Kaya finished fourth in the league competition with 31 points (8 wins, 7 draws, and 3 losses in 18 games), 15 points from champions Stallion. In the middle of the league, head coach Maor Rozen resigned after just three matches in charge.[8] The club's goalkeeping coach Melo Sabacan took over the reins as interim head coach, and was subsequently replaced by Australian coach David Perković.[9]

2014 seasonEdit

The club saw minimal success in this season's UFL Cup. Kaya finished second in their group, behind UFL Division 2 side Union Internacional Manila. They then lost to recently relegated Philippine Air Force 1–0 in the round of sixteen.

The league competition saw Kaya finish third with 46 points (14 wins, 4 draws, and 6 losses in 24 games), 3 points behind rivals Loyola Meralco Sparks and 16 points behind league champions Global. Before the season ended, head coach David Perković announced that he will not be renewing his contract with the club and that his last match will be the derby between Kaya and the Loyola Meralco Sparks.[10]

In the UFL FA Cup, the culmination competition of the season, Kaya were beaten 3–1 by Global in the finals. Thomas Taylor was the competition's top goal-scorer with five goals.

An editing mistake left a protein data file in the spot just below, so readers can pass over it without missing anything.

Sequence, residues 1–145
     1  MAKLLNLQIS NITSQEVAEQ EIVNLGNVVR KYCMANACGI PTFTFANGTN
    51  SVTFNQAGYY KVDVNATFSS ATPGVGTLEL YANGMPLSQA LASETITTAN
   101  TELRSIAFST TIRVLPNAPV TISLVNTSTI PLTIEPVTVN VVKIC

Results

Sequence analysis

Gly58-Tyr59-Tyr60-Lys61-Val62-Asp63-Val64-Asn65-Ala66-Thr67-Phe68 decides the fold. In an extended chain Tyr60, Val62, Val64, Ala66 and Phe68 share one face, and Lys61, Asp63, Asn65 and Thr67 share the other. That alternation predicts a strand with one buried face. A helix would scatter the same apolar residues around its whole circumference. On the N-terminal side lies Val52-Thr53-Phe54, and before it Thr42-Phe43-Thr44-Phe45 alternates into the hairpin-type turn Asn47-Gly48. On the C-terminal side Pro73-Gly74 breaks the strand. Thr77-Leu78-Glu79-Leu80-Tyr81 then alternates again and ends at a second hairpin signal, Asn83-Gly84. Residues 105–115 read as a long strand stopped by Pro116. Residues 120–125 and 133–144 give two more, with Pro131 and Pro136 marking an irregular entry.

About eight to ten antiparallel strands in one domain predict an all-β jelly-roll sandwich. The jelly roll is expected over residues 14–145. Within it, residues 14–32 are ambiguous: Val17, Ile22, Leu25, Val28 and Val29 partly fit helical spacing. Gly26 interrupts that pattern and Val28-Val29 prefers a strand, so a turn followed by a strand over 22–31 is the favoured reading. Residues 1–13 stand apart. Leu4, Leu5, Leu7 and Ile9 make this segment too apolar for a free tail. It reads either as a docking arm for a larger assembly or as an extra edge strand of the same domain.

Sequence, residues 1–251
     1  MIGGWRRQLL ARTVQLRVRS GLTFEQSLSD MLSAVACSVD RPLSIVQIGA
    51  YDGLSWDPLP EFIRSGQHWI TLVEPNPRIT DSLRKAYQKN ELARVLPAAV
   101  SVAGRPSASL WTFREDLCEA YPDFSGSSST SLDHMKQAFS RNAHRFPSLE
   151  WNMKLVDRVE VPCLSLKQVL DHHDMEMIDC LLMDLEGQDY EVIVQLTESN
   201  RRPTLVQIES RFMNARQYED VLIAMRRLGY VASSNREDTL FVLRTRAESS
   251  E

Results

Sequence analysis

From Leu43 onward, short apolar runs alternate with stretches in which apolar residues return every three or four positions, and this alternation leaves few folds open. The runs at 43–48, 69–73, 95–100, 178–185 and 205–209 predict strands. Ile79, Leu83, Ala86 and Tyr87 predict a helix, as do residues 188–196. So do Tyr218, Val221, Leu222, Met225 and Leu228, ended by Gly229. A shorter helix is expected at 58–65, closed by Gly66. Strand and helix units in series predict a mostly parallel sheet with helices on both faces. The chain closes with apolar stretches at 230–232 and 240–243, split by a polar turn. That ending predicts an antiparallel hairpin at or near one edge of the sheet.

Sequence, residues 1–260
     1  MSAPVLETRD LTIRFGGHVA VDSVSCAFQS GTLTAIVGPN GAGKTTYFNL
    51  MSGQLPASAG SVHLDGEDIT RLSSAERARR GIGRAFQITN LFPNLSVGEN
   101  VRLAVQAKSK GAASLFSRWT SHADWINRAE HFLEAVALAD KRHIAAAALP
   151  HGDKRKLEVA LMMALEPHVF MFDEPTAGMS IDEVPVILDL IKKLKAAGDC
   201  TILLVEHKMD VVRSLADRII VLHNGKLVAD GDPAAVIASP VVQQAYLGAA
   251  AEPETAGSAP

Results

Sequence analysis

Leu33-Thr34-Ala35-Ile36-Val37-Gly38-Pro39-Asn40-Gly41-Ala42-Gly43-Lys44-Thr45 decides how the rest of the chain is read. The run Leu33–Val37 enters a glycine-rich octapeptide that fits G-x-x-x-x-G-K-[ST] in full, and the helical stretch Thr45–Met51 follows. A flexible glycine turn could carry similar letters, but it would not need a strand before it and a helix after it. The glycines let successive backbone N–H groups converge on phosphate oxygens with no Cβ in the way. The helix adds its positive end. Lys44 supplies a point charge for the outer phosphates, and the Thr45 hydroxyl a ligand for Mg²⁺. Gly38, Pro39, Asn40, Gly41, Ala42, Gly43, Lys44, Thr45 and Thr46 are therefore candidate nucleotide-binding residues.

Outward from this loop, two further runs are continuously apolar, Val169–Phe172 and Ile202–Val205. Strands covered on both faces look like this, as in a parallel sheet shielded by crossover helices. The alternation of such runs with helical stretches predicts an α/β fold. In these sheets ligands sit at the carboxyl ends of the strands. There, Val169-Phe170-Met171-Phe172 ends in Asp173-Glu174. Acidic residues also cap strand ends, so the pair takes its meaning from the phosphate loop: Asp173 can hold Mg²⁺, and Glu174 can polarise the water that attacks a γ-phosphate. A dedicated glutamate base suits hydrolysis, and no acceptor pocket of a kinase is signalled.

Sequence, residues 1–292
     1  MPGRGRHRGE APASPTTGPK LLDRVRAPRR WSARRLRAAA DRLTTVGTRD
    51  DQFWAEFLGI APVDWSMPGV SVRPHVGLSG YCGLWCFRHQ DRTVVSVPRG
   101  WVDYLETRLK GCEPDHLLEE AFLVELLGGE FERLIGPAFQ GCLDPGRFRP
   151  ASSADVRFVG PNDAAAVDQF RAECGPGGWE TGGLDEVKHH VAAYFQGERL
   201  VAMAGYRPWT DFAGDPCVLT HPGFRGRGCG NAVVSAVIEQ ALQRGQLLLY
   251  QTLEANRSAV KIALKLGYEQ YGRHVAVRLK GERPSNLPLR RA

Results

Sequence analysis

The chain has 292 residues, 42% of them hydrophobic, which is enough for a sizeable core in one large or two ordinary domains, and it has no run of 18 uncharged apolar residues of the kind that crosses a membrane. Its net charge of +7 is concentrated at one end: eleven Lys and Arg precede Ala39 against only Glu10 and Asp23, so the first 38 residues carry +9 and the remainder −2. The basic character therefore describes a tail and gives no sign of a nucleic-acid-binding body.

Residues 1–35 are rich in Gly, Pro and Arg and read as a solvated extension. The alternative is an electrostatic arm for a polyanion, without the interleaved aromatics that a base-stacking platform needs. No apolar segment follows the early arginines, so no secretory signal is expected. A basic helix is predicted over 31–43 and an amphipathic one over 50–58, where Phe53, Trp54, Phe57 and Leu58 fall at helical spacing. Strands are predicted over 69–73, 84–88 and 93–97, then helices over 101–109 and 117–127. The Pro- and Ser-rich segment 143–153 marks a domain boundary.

2015 seasonEdit

In the pre-season, it was announced by the club that American Adam Reekie will replace David Perković as the club's new head coach.[11]

Kaya failed to get past the group stages of the PFF National Men's Club Championship, but were able to top their group in the inaugural UFL FA League Cup. The club fell to rivals Loyola Meralco Sparks 2–1 in the quarterfinals. Louis Max Clark was named as one of the competition's top goal-scorers with 10 goals in 7 games.

The club finished fourth in the league with 31 points (10 wins, 1 draw, 6 losses in 17 games),12 points behind champions Ceres. In the middle of the league competition, head coach Adam Reekie announced his resignation.[12] In June 2015, former Kaya player Fabien Lewis was appointed by the club as interim head coach.[13]